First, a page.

By Scott Sieber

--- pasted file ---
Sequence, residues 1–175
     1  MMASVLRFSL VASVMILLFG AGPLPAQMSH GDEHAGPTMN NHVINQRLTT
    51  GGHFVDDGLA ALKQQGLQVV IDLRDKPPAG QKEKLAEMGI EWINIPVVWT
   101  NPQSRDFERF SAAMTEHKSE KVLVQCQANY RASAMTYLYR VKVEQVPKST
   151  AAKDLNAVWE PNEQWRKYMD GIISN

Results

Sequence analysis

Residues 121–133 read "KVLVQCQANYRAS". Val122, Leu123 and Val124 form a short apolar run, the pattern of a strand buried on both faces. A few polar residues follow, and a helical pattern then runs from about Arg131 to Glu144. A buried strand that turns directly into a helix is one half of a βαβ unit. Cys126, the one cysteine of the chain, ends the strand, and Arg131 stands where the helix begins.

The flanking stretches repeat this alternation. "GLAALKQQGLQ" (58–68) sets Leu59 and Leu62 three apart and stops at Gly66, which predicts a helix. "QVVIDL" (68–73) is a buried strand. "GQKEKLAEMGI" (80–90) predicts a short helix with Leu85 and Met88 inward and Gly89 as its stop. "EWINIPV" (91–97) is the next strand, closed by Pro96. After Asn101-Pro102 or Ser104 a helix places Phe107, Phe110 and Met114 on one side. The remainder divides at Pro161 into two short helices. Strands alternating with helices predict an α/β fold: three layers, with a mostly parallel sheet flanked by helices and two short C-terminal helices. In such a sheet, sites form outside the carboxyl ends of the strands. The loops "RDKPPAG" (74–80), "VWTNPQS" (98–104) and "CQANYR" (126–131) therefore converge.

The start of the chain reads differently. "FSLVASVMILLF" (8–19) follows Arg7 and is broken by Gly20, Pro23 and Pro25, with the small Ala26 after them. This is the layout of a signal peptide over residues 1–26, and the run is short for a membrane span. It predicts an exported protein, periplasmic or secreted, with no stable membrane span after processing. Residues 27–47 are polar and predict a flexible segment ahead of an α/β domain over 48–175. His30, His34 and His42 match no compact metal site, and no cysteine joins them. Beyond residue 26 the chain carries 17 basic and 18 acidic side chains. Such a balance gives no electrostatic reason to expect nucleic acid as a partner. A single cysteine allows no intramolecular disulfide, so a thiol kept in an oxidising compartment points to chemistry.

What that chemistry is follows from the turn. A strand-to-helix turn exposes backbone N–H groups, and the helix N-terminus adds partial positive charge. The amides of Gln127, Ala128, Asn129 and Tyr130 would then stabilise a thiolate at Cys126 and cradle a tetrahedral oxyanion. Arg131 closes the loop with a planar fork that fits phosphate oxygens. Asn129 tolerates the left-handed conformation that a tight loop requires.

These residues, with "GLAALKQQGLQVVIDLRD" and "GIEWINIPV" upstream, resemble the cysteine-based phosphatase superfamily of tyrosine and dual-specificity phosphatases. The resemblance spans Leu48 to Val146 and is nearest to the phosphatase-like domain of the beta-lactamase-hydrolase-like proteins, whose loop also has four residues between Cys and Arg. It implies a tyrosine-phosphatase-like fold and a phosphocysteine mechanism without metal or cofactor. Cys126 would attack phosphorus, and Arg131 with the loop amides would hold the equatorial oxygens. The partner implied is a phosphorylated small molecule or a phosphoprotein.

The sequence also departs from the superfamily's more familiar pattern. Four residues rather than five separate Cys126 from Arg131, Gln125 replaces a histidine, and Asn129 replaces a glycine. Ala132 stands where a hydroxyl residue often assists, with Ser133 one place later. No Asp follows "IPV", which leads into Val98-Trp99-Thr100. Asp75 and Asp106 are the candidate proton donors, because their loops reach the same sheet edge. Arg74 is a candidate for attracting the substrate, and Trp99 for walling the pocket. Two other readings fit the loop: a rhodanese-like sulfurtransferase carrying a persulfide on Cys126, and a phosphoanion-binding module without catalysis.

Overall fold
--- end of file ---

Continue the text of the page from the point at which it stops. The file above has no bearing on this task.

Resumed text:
During a weekend meeting at the HANAC Senior Citizens Center in Astoria, Maloney lauded the projects as necessary contributions to “the most workable mass transit system in the country.””That's why we need the East Side Access,” Maloney said. “It will move more people than any other MTA project.”The passing of the Transportation Bond Act in the last election slated $450 million toward the East Side Access project, part of which will be constructed in Long Island City. The line will carry Long Island Rail Road commuters across Manhattan to Grand Central Terminal on the East Side. It will also create a new stop in Sunnyside. The federal government has committed billions to the project.Joe Petrocelli, deputy vice president of finance and administration of MTA Capitol Construction, went over a laundry list of benefits the project is expected to bring upon its completion in 2012.As the first extension of the LIRR in 100 years, the list includes the creation of a new stop in Sunnyside near Queens Boulevard and Skillman Avenue, a new Manhattan terminal, an increase in peak-hour LIRR service by 45 percent and the ability to serve 161,000 customers. In Queens, construction will take place primarily underground through a mixed base of rock and soil, he said. In Manhattan, construction takes considerably longer as diamond tipped boring drills must grind through bedrock in order to complete the tunnels.”The machines can remove about 40 feet of rock a day,” he said.Plans for the Sunnyside station have not been examined at length, he said, but he did say the new platforms will be built with escalators and elevators to the street. “That happens much later in the program, closer to 2012,” he said. “So we really haven't spent a tremendous amount of time yet in terms of design or architecture … It happens in six or seven years, so there is time to do consultations with the community.”Other projects slated for the area include the reconstruction of the Queens Plaza roadway Penny Lee, with the Department of City Planning, called the 250-foot-wide roadway of Queens Plaza “an accident waiting to happen” and touted new designs to include green space.”There will be 30-foot-wide landscaped medians that will have pedestrian paths as well as a bike lane,” she said. “You'll be able to come over Queens Boulevard, get onto the median and ride right onto the Queensborough Bridge. It will be very safe.”Pedestrians will also get more crossing time, she said.In another presentation, Parks Department representative Jennifer Coo said seawall repairs are in the works for nearly all of western Queens' shoreline up to the Flushing Bay. The restoration is slated to include greenways and bike paths.”Everything we're talking about today is really about improving the quality of life in our communities,” said chair of Community Board 2, Joe Conley.Reach reporter Scott Sieber by e-mail at firstname.lastname@example.org or by phone at 718-229-0300, Ext. 138.